One of the major challenges faced in fatigue assessment today is determining the stress concentration factor ‘SCF’ associated with the dents, which are used with appropriate SN curves to determine the fatigue life. This historically has been determined empirically or by using finite element analysis.
This paper presents finite element analysis on a parametric range of industry pipes (both offshore and onshore) to extract SCF data used for fatigue assessment. The parametric dataset focuses on the effects of pipe geometry, dent geometry, material properties and pressure cycling on the prediction of the fatigue life. This parametric dataset will eventually be used to develop an algorithm for fatigue prediction using an artificial neural network.
Two types of indenters (Dome and Bar) are used to simulate circumferential and longitudinal dents. Four different dent depths ranging from 2% d/D to 10% d/D are also simulated to investigate the effect of dent geometry. Four different pipe grades (X42, X65, X80 and X100) are analyzed to investigate the effect of pipe materials on dent fatigue. Similarly, eight pipes with different diameter to thickness ratio D/t ranging from 18–96 are analyzed to investigate the effect of pipe geometry. Stresses are computed at both 50% SMYS and 72% SMYS to investigate the effect of pressure variation.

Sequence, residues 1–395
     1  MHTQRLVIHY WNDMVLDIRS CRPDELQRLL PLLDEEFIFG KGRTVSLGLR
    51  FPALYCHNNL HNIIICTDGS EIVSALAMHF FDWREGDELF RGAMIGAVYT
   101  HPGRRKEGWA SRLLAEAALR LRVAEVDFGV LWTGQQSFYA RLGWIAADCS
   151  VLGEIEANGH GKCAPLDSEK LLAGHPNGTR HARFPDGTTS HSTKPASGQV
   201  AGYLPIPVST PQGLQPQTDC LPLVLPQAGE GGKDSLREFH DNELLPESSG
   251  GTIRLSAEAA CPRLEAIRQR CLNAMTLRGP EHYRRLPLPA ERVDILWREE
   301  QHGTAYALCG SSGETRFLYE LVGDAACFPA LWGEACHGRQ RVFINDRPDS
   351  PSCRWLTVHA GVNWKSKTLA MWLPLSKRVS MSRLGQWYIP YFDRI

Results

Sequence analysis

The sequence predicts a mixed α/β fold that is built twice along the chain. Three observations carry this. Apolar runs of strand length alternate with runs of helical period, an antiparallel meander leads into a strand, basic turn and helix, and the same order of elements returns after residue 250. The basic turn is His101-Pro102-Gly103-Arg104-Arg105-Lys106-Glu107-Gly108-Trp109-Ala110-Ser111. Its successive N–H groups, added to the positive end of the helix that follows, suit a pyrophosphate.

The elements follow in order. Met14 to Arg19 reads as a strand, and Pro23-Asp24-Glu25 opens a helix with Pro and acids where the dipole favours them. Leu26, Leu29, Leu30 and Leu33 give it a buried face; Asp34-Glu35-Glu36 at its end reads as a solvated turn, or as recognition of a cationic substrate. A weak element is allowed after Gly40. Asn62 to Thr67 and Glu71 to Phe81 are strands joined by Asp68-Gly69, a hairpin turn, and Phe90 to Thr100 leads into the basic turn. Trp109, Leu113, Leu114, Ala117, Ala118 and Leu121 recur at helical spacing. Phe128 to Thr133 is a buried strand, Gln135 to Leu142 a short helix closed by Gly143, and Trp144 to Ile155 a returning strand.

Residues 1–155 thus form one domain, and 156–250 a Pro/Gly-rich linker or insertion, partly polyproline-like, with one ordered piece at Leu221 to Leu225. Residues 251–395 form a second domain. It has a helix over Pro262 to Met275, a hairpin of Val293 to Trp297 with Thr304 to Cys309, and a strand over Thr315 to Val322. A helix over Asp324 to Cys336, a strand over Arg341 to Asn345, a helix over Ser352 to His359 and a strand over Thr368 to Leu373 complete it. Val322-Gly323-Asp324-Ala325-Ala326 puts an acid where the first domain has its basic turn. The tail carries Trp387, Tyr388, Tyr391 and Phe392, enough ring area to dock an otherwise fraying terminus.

The results from this study indicate that longitudinal dents have higher stress concentrations compared to circumferential dents of similar dent depth. Results also indicate that the re-round dent depth (i.e. dent depth after pressurization) increases with increasing D/t and increasing dent depth. Similarly, the pipe material has a major effect on the fatigue life. Pipes with higher material strength have higher stress concentration compared to pipes with lower strength of similar dent depth. The stress concentration factors SCF associated with the dents are then computed.